Late March is definitely the best time for Little Brown Jobs in Thailand! Before taking on their long-distant journey back to the breeding grounds, these elusive brown little birds would start practising their remarkable songs which are rarely heard in this part of the world. During my last visit to Chiang Rai, I stayed at the beautiful Chiang Saen Lake where I photographed many photos of the elusive Pallas’s Grasshopper Warbler and Black-browed Reed Warbler last year. Both species were showing exceedingly well once again. I’m sure that Chiang Saen Lake is the best place in Thailand to see them!
I noticed this Pallas’s Grasshopper Warbler singing in thick vegetation very early in the morning. After a few playbacks, it came up really close to where I was sitting and started to sing its melodic song right in front of me. The song sounds more similar to an Acrocephalus reed warbler’s song rather than a Locustella warbler’s since all other Locustella warblers in Thailand have weird monotonic insect-like songs.
After the grasshopper warbler was gone, I continued my effort to photograph the more numerous Black-browed Reed Warblers. Despite being way more abundant, they didn’t respond to playbacks as much as the grasshopper warbler. Photographing them wasn’t as easy as it seems, but in the end, I could get some satisfying shots with the beautiful Water Parsley (Oenanthe javanica) which were blooming all over the marsh.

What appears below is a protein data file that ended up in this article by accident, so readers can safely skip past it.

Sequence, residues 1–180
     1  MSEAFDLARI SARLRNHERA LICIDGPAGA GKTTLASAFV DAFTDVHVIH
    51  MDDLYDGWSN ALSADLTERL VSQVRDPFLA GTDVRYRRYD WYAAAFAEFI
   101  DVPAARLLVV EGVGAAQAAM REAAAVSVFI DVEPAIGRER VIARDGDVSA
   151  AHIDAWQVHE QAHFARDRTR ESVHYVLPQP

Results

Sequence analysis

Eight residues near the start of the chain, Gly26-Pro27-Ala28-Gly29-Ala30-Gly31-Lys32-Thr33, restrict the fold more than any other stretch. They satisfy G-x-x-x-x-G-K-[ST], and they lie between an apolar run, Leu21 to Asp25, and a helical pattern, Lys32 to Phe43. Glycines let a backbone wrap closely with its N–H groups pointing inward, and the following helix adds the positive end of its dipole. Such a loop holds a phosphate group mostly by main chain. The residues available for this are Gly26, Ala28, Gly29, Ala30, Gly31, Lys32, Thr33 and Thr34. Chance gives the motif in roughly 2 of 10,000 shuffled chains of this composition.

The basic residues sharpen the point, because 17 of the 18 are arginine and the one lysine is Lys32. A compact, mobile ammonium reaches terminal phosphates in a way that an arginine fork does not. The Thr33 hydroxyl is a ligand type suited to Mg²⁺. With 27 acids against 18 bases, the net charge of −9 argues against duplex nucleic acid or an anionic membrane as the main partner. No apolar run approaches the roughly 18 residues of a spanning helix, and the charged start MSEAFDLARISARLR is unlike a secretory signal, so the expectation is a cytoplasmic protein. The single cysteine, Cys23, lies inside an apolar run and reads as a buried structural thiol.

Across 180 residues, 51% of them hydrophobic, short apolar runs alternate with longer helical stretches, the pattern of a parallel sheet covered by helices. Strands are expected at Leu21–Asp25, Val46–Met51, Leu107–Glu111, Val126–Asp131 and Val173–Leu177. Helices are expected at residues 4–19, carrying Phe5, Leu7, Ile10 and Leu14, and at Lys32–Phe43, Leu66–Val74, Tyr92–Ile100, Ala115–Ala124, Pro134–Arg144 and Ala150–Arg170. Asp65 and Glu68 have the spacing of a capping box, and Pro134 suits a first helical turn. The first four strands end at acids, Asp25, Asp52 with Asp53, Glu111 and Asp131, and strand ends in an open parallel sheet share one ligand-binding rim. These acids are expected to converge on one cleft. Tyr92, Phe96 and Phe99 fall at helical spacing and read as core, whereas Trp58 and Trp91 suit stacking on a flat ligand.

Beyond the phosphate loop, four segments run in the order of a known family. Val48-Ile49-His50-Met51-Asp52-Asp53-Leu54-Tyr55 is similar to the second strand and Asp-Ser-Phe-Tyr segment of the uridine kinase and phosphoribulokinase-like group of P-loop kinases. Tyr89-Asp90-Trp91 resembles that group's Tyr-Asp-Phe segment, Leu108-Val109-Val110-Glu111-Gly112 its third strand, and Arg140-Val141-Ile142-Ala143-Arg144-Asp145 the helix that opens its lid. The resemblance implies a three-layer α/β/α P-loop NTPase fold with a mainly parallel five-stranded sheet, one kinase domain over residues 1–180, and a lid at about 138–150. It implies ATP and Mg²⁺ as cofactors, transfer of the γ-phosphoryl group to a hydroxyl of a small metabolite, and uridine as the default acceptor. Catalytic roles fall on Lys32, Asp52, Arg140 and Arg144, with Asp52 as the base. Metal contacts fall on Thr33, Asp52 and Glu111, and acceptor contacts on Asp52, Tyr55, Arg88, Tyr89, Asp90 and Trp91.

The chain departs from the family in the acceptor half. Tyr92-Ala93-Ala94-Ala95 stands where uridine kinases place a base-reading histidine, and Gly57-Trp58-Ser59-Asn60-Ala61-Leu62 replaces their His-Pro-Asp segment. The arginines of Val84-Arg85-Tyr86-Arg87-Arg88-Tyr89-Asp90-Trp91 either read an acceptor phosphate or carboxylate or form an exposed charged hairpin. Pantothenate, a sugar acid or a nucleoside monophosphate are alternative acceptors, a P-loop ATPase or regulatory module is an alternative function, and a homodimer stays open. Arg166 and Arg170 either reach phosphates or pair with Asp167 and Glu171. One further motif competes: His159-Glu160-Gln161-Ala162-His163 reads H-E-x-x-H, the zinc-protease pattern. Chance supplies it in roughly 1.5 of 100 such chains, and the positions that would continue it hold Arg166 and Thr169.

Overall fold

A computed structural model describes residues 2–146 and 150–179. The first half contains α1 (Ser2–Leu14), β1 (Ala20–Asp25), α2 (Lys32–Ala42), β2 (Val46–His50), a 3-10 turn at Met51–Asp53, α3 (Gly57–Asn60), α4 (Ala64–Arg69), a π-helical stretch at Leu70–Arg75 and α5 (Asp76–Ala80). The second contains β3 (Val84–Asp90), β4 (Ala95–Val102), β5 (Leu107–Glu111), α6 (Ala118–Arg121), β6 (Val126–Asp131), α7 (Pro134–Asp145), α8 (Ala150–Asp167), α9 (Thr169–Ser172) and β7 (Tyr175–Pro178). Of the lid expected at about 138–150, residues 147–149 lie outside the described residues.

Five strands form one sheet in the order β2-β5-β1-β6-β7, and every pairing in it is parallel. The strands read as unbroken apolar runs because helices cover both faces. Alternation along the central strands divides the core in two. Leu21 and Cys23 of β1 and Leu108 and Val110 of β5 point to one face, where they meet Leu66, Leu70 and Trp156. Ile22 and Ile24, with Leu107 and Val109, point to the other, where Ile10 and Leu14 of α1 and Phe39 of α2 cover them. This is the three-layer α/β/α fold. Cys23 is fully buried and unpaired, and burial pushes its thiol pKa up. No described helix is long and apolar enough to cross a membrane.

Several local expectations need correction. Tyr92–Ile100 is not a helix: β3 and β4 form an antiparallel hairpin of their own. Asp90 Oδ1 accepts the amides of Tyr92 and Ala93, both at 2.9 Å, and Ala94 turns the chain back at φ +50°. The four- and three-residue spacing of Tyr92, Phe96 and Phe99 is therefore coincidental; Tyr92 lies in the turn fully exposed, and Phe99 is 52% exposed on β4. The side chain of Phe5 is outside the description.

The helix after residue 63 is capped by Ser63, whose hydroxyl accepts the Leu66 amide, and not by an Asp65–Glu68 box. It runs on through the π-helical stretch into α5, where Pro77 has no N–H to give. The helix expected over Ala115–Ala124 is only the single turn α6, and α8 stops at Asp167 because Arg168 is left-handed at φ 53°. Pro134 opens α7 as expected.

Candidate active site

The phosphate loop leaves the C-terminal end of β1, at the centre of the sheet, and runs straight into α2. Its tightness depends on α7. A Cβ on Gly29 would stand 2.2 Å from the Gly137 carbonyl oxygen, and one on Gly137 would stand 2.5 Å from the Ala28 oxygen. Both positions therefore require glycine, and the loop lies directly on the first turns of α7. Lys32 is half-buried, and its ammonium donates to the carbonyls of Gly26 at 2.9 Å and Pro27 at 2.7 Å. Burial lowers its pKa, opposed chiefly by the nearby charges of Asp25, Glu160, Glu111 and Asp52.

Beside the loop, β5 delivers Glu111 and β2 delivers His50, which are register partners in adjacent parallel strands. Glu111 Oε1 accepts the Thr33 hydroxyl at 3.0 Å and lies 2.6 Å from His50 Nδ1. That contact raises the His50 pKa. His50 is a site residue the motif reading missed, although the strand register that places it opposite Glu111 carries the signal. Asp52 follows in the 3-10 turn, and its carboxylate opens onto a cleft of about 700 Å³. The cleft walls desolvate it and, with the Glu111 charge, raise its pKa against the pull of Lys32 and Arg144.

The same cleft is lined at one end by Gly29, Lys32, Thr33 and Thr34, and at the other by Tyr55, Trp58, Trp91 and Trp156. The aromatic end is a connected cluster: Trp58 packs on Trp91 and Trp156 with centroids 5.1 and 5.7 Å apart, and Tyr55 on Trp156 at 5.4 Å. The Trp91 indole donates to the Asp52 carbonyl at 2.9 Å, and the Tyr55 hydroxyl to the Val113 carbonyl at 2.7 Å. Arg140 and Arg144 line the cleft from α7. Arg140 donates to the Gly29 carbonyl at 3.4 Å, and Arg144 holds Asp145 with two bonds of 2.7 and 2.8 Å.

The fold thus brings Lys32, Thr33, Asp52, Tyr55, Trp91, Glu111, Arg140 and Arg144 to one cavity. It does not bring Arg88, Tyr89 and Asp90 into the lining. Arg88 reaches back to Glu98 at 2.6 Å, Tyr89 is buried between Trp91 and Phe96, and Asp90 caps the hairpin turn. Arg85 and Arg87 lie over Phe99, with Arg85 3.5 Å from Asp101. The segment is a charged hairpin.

But there’s a specific area where these Black-browed Reed Warblers seemed to favour. It was a small corner with medium sized sedge right next to the house where I was staying. At least 3 Black-browed Reed Warblers showed up there at once, as well as a Pallas’s Grasshopper Warbler which came up to preen and sunbath.
Too bad, the above shot which shows the full body of the Pallas’s Grasshopper Warbler is so blurry because the speed was low and the bird was walking up the stalk really fast. Otherwise, I would’ve got my best photo of this species that I like.
Another set of a curious Black-browed Reed Warbler to end this post. It’s always fun for me trying to get photos of these birds that are mostly overlooked because of their drab plumage and shy behaviour. I’m now already planning for a reed warbler photography trip next spring. This time, I’ll be focusing on the scarcer ones like Blunt-winged, Blyth’s, Paddyfield and hopefully Large-billed Reed Warbler at Nam Kham Nature Reserve.